3. Holding Yourself Accountable
Everybody has got a different idea of what it means to be an activist. A lot of people use call outs as their standard form. If someone calls you out, don not get defensive. Or if you do, just let that feeling rest inside you and listen anyway. Holding yourself accountable means listening to people who call you in or out, no matter whether you like the way they are doing it. If someone calls you in or out, take some time – however long it takes, really – to process it. Maybe even go search online for more information about it. Use it as an excuse to educate yourself. Then, make any necessary changes. This can be a long process, and that is okay. Keep with it. You might find more stuff in your self-education that allows you to hold yourself accountable to things before anyone calls you out on them. Every time you do that, it is a triumph because it means that is one less person who had to take on the burden of educating you.
Processing through self-accountability can be an extremely taxing process emotionally. It is important to find a support network for this. If you have close friends who are minorities, it can be okay sometimes to ask first if they’re okay processing this with you. Generally, though, that creates an undue burden on someone who is a minority. Find non-minority activist friends you can process your emotions with. Join activist groups to help you with self-accountability, self-education, and processing related emotions.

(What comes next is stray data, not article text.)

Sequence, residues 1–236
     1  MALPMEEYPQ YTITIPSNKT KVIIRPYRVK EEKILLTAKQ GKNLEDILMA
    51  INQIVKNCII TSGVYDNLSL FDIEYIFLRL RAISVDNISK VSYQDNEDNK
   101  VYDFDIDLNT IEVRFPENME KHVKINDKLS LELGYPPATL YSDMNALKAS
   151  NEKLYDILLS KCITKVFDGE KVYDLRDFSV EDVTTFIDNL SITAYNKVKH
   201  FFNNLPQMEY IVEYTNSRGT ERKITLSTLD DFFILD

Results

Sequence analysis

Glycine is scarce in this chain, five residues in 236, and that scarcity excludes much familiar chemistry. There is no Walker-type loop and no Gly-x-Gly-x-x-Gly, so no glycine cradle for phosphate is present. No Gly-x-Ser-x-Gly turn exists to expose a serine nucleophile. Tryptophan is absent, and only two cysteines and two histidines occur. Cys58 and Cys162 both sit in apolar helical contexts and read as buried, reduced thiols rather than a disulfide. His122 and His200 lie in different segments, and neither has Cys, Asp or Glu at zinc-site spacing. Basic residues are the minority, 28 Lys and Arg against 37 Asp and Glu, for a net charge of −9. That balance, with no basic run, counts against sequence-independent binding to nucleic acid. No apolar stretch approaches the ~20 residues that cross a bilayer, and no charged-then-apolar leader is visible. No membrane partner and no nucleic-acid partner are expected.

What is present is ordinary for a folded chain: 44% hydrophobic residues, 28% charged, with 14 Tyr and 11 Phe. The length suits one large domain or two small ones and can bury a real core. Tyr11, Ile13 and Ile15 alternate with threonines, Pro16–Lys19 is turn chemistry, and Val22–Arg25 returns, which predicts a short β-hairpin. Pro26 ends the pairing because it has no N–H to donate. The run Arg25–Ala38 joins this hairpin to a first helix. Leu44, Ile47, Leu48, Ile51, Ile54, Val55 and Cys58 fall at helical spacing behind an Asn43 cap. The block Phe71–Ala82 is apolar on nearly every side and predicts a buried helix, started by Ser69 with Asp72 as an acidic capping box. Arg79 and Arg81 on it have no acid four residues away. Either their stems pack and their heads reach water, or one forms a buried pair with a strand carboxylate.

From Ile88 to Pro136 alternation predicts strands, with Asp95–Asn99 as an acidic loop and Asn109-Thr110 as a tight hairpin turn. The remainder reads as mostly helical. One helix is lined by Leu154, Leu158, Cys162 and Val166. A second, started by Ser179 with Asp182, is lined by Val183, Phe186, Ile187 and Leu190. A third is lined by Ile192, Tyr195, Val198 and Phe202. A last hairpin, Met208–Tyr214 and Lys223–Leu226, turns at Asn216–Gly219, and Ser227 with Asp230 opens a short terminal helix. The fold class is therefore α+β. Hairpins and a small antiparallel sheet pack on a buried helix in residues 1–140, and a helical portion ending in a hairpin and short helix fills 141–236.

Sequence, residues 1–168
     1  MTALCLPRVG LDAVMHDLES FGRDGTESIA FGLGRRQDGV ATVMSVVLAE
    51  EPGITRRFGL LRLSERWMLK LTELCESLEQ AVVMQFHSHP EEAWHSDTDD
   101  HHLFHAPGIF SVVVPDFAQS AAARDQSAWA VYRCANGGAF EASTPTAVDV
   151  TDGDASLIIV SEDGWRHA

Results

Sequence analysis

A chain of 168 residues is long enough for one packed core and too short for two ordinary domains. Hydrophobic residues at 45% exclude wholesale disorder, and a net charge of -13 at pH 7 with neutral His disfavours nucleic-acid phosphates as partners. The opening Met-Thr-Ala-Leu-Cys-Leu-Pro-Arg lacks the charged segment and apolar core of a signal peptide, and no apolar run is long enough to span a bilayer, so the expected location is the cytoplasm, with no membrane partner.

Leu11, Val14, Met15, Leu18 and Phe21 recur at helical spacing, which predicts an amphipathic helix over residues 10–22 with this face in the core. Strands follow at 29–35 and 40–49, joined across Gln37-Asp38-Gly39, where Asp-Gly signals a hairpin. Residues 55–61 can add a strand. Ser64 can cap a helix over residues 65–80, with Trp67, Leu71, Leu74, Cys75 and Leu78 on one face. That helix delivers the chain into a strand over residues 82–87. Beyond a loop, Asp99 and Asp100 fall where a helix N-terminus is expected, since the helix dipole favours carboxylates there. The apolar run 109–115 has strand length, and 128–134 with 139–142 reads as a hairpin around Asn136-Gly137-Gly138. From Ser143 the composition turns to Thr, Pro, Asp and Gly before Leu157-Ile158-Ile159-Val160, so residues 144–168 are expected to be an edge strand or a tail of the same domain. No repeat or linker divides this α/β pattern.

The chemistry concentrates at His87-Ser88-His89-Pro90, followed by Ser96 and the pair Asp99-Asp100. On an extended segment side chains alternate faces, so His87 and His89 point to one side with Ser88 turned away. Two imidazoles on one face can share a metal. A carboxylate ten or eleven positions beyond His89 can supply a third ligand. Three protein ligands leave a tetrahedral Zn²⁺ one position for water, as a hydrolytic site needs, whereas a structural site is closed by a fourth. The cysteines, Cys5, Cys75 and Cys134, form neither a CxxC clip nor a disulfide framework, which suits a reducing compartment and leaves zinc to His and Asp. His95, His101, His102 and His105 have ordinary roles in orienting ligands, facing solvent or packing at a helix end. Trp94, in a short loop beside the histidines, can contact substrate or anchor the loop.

Remember: Every person who is a minority has a right to be utterly furious. They may express their anger when calling you in or out, or simply in general. Anger is one of the best triggers for defensiveness. Do not fall into that trap. Let a minority person’s anger elicit your compassion and introspection, and set any defensiveness aside where you can process through it later.
4. Holding Others Accountable
This is the hardest part of activism, and you cannot do it unless you have been doing the first and third parts. This can be educating peers as mentioned above, or fighting for policies/laws to change at work, in your city, in your state, and in your nation, and everything in between. But you will not know what changes to fight for unless you have been educating yourself, befriending minorities, and holding yourself accountable.
Putting It All Together
As you may have noticed, there are two general halves to activism: Internal activism within ourselves, and external activism for educating others and holding them accountable. The first one is the most important because the second one is meaningless without it.
Know that this is a lifelong process. You will make mistakes, and that is okay. You cannot be a genuine activist without risking getting it wrong sometimes because it is a learn-by-doing process. Be okay with mistakes. Own them, apologize, and then make your apology valid by changing your behavior accordingly.